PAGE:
Although moderate, the rate of decline quickened to the sharpest since July 2009. Contributing to the reduction in placements was an easing in the rate of growth of permanent job vacancies to a 25-month low.
Agencies' billings from the employment of temporary/contract staff rose for a twenty-eighth consecutive month in November. However, the rate of growth was only slight and weaker than in October.
Pay pressures remained subdued in November, with both permanent salaries and temporary/contract staff hourly rates increasing only marginally. In the case of the latter, the rate of inflation was at a 10-month low.
The availability of staff to fill job vacancies continued to rise in November, but at a slower pace. Growth of permanent candidate availability was only marginal and the weakest since May, while the rate of increase in temp availability was at a three-month low.
Kevin Green (pictured), chief executive of the REC, said: "This month's Report on Jobs from the REC and KPMG highlights a rapidly declining jobs market. The market has been slowing since May but this slowdown has accelerated in the autumn. This is being driven by the double whammy of falling business and consumer confidence.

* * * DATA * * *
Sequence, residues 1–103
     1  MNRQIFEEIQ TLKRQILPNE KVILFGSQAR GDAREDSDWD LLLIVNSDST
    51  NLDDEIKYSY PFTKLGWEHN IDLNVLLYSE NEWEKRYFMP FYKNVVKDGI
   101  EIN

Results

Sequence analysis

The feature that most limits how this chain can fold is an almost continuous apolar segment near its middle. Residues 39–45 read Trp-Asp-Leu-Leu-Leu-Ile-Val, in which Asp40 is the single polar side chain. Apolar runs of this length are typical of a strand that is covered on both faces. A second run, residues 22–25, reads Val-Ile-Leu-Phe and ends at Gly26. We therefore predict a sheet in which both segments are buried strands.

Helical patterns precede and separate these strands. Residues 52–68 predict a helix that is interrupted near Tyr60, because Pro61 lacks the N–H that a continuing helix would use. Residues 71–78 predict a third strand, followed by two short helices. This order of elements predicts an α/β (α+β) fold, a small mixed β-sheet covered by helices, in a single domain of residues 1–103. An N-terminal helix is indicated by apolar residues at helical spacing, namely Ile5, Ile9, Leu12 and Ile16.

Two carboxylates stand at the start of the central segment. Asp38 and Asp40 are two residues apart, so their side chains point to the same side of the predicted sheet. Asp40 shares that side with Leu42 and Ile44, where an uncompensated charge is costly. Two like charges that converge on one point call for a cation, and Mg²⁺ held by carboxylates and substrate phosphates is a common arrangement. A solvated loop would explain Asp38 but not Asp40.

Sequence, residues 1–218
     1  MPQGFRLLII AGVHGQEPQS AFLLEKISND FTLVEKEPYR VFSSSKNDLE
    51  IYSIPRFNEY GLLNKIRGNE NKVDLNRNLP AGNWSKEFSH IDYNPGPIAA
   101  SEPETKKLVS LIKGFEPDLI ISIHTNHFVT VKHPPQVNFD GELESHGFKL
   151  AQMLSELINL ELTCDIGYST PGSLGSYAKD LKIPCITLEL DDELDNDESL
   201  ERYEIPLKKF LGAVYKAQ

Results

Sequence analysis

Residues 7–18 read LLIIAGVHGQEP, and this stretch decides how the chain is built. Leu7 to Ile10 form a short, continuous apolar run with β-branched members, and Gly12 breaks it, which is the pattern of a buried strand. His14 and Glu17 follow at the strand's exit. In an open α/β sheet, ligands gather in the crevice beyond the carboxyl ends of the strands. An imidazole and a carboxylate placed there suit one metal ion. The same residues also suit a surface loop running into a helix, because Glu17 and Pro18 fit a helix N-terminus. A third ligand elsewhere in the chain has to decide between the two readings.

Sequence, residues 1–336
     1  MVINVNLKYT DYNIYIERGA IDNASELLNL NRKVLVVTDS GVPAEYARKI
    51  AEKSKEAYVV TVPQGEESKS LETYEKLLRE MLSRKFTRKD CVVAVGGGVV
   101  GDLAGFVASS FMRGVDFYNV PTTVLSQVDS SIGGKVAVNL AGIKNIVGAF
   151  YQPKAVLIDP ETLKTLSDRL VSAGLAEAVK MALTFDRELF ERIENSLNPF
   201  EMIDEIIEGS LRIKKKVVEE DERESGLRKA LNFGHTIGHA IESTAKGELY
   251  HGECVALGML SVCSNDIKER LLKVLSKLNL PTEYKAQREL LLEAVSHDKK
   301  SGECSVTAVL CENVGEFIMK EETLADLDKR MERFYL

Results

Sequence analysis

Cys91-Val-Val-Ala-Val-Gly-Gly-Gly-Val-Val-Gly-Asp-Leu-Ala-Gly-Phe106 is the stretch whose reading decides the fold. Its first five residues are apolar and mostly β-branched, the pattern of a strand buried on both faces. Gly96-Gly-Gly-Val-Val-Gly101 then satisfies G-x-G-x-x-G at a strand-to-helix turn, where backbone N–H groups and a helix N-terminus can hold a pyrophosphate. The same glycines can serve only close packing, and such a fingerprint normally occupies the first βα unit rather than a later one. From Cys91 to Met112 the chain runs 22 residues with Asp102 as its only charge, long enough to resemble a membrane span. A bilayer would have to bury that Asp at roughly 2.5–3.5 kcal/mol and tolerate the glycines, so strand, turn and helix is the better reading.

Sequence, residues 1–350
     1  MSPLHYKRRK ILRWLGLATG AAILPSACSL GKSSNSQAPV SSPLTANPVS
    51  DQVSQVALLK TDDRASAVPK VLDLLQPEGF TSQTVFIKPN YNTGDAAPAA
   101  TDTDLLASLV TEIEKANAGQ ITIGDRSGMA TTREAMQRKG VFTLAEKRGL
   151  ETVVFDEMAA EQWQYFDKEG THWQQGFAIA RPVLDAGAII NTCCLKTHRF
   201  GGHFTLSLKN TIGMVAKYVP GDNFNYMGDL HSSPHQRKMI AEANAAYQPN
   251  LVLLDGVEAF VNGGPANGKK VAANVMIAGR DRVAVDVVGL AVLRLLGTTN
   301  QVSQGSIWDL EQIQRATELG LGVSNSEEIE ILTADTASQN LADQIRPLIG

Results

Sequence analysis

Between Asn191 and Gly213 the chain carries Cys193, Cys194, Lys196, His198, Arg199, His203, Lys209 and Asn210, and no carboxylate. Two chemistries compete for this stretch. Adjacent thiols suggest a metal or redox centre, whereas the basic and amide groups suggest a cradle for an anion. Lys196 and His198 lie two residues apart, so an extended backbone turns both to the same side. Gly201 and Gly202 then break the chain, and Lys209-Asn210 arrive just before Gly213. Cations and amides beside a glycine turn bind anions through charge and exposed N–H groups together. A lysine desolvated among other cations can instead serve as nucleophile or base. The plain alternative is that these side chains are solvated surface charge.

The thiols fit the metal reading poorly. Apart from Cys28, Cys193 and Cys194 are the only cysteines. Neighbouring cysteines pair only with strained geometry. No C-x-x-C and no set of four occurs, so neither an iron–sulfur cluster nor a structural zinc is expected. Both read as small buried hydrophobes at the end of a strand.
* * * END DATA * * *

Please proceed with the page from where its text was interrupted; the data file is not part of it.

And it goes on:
"This is bad news for those out of work and, as a consequence, we expect unemployment to rise in December and January. On a positive note, however, the report shows that temporary staff appointments are still growing, albeit at a decreasing rate.
"The Government has done as much as it can in the short term to remove restrictions to employment and stimulate demand. However, if confidence doesn't return quickly to get the jobs market moving again, the Government may need to take more radical action in the New Year."
Bernard Brown, partner and head of business services at KPMG, added: "This month's Report on Jobs makes grim reading. Given the uncertainties of the European market, the Government's recent stimulus package could not have come sooner, as unemployment creeps ever higher. Whilst most commentators suggest unemployment will peak lower than 3 million, this figure may be tested in the year ahead.
"Time will tell if recent interventions are enough to reverse the worrying trend of the last few months. If so, we should pick this up in our statistics over the next few months.
"Bright spots in an otherwise gloomy data set were that the agencies surveyed reported rising demand in permanent placements for engineering and construction staff ahead of this time last year, and demand also rose for IT and computing staff, together with the executive / professional and secretarial / clerical categories. But these isolated sectors do not compensate for an overall decline in permanent placements.
"According to the survey panel, economic uncertainty is resulting in a number of employers placing jobs on hold and taking longer to make recruitment decisions. Last week's autumn statement contained a number of welcome measures aimed at helping businesses to grow and to ease red tape around employment but they are unlikely to make much difference in the short term."